You will notice 3 holes on the base. Fill the center one, and the one closest to the long pointed portion of the base in with JB Weld or something similar. I drilled out the remaining hole. Try not to get the metal shavings in or on the Optispark. Next I tapped in a brass fitting. Do not use the center hole for this, as it won't clear the balancer hub. IF you can find a brass L fitting, this would be your best bet. I wasn't able to find one small enough, so I used a straight brass fitting from a local parts house.
    Vacuum the metal shavings from the previous step. MAKE sure it's clean before you put it back together.
    Reassembly is the same. MAKE SURE you don't forget to put the metal disc back in place. If you leave it out, the gap for the rotor and cap will be WAY off. The rotor and disc are keyed, but still make sure you put them in correctly.
    Remove the old RTV Sealant, and put some new RTV on the cap at the electrical connection. Put it back together with the newer style cap. Lightly blow into one of the hose connections while closing off the other. You should hear no hissing.
    You aren't supposed to turn the shaft on the Optispark (why I don't know), but I would still recommend slightly turning it (1/4 turn is enough) to make sure everything spins smoothly.


    The Nitty Gritty

    First disconnect your battery.
    Drain your coolant. Be sure to open the bleed screws. This will help it drain much quicker. Remove the rubber intake bellow.
    Remove the upper radiator hoses.
    Disconnect the bottom radiator hose from the water pump.
    Remove the coil wire, and the electrical connections from the Optispark and water pump.
    Pull the belt tensioner out of the way, and loosen the accessory belt.
    Remove the water pump. There are 6 bolts holding it in place. Additional coolant will dump out when you remove the drivers side lower bolt. Clean the old gasket material and set the water pump aside for now. You MIGHT need to remove the coil, but I didn't need to. Check the weep hole on the water pump to make sure it's not damp.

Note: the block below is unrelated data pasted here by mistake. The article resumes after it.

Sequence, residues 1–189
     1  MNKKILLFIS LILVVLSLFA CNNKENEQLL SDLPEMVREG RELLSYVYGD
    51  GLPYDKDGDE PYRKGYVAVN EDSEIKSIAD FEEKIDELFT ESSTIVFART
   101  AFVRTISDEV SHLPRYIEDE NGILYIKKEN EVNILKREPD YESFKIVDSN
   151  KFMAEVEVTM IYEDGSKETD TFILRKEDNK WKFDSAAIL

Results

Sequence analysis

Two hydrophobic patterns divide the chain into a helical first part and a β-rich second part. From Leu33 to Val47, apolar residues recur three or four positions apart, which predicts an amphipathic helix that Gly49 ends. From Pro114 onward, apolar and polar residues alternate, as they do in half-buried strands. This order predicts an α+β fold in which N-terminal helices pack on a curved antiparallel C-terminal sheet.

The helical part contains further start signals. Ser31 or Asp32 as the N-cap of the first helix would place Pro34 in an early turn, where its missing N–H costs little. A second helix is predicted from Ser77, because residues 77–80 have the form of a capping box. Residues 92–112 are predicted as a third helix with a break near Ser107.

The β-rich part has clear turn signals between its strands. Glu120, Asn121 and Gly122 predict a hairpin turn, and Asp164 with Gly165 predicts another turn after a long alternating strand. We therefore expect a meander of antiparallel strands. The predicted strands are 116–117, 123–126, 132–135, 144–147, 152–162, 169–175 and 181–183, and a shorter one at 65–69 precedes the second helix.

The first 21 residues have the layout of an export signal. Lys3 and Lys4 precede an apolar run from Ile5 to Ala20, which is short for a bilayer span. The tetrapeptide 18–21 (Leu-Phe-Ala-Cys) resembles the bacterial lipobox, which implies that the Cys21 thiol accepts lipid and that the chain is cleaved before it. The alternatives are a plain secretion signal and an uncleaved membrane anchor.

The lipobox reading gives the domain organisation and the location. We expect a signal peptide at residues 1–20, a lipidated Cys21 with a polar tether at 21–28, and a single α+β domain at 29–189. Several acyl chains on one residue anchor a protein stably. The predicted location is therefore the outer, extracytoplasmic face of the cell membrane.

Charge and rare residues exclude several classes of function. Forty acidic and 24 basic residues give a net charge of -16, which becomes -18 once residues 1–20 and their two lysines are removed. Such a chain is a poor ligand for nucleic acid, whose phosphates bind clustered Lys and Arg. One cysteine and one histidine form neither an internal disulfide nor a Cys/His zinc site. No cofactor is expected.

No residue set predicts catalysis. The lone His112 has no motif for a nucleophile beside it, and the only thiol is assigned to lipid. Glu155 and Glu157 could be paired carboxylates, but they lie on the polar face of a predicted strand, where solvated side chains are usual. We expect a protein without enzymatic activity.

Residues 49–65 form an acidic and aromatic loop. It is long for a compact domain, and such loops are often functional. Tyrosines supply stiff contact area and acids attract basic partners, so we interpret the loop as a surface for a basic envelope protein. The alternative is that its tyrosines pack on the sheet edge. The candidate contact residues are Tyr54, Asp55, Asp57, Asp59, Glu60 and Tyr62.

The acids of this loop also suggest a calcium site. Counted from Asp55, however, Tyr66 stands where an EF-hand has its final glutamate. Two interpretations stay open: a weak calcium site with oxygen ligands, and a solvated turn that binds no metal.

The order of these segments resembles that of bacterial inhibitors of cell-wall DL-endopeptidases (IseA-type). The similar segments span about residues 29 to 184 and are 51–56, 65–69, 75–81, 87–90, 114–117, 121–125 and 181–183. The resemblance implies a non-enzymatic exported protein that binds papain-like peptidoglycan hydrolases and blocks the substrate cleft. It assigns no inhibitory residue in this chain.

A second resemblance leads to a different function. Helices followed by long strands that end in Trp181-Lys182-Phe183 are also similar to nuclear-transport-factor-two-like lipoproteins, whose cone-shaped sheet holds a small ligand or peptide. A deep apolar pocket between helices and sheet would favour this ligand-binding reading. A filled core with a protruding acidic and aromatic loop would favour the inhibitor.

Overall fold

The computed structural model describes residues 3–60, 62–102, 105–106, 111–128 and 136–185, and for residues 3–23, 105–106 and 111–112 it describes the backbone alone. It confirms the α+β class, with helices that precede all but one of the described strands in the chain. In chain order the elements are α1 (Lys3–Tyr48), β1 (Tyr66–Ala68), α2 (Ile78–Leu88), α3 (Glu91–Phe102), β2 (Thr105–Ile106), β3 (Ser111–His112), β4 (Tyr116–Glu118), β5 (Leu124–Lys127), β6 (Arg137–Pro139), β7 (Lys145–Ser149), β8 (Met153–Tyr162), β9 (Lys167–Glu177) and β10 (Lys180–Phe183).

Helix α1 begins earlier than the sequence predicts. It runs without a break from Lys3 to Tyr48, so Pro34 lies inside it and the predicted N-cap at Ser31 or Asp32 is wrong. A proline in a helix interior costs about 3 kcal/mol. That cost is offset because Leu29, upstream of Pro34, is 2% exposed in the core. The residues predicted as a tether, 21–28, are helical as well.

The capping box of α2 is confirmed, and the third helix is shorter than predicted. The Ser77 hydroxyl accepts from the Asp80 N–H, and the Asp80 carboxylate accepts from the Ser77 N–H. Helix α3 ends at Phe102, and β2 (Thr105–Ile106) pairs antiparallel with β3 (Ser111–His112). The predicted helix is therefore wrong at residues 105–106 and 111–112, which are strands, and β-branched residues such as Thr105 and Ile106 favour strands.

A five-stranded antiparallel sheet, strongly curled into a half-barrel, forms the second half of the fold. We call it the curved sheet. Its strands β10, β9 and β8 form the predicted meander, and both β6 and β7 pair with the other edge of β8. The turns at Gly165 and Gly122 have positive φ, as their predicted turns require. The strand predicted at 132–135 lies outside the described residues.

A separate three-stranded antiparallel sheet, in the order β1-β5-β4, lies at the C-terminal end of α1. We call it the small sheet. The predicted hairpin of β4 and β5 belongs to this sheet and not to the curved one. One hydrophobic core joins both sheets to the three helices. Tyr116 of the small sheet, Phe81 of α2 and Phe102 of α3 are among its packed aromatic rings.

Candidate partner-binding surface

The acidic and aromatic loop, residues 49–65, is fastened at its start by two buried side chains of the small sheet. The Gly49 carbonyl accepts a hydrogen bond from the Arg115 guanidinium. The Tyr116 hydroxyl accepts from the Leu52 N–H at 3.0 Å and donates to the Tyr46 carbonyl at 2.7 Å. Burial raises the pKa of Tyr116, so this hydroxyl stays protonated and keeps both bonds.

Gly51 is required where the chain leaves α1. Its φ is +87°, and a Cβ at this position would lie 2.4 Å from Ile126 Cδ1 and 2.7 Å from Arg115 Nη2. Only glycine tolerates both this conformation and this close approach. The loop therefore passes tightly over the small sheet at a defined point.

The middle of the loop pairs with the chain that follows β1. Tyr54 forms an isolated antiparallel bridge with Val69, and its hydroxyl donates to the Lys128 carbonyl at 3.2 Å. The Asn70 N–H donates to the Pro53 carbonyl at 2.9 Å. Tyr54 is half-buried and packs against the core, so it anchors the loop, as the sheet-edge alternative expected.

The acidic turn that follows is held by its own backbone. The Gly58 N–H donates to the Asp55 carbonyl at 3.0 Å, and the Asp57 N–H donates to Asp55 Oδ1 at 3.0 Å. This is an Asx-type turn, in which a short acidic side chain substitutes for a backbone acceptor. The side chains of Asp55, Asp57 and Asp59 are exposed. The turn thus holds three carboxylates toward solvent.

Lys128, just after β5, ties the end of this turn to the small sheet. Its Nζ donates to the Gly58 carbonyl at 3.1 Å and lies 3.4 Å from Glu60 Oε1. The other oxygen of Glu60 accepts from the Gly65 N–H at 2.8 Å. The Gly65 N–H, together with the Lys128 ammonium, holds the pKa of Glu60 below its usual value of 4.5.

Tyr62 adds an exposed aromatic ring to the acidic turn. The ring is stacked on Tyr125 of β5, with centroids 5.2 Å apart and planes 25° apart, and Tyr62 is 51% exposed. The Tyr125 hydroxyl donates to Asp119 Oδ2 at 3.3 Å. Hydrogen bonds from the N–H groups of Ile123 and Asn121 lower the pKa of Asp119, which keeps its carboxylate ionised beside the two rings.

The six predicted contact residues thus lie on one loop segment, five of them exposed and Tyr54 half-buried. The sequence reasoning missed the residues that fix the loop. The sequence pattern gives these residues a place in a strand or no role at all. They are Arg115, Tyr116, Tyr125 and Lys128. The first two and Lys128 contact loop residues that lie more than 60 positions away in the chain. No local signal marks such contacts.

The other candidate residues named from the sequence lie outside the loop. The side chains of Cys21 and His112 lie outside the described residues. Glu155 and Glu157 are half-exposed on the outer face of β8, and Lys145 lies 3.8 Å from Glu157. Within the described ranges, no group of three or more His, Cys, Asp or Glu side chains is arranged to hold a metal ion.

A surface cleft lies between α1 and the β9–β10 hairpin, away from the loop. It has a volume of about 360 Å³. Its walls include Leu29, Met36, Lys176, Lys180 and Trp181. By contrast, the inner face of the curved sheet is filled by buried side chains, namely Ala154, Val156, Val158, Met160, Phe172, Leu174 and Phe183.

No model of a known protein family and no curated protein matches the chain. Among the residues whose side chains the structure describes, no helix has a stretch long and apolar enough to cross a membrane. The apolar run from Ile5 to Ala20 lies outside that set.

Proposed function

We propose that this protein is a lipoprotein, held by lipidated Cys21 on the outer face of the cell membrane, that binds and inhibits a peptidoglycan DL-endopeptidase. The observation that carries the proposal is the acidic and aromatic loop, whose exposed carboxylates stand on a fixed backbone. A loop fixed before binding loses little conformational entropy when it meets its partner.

This is the fun part (for me at least). Remove the 3 bolts from the balancer. The Haynes manual says you can simply pull it off without a puller. I was not able to. I had to use a 2-clawed puller. I got mine at Autozone. I believe the one I got was the 6". Somebody is borrowing it as we speak for this repair! MAKE SURE you make a note of the position of the balancer in relation to the hub. Both the hub and balancer should be marked, but not keyed.
    Remove the remaining plug wires. If they are old, you may want to replace them. Now is the time to do it!
    Remove the 3 bolts that hold the Optispark in place. Pull it straight out. There is a shaft that connects the Optispark to the Cam gear. This may or may not come out with the Optispark.
    At this point, you should look at the old Optispark and make a mark of where the notch (spline) is. This will assist you later.
    This would be a good time to put some gasket sealant on one side of the gaskets, and place them on the water pump so they can dry. This will make reinstalling the water pump much easier.
    With the old Optispark to compare, rotate the shaft on the new one until they match up.
    I found it easier to insert the shaft on the cam shaft, and then sliding the Optispark on top of it.
    IF there is any gap on any of the 3 mounting screws, you probably haven't lined the Optispark up correctly with the spline on the shaft. It should slide all the way on with no gaps on any of the mounting areas. Tighten the bolts, but do not over tighten.
    Run your vacuum lines. The clip goes on the alternator bracket. MAKE SURE the hoses are going to clear the belt.
    The hose that has the filter and regulator is the vacuum supply.
    Poke a hole in the rubber bellow (on the top) and push the L into it.
    Put a T or something similar on the drivers side intake manifold, and hook the vacuum hose up.
    Reconnect the plug wires.
    Reinstall the 3 bolts on the balancer. Tighten the bolts to 60 Ft-lbs. Make sure you line it up properly (see step above where you removed it)
    Put gasket sealant on the remaining gasket material, and reinstall the water pump. Tighten to 30 Ft-lbs.
    Reinstall the belt. It is much easier to do it now before you do the next step!
    Reconnect all the hoses, the coil wire and the other misc electrical connections (temp sensor, Optispark connector, etc).
    Lightly tighten the bleed screws.
    Refill the cooling system until it is full. Place a rag around the bleed screws, and bleed off the excess air. Don't let any coolant get on your new Optispark!
    Check and recheck everything.
    Fire it up.
    If everything looks good, your done!
    You should also pull the hose out of the bellow, and check for vacuum. If it gets clogged, or a hose gets pinched, it will cause the cap to cave in, and burn up the rotor.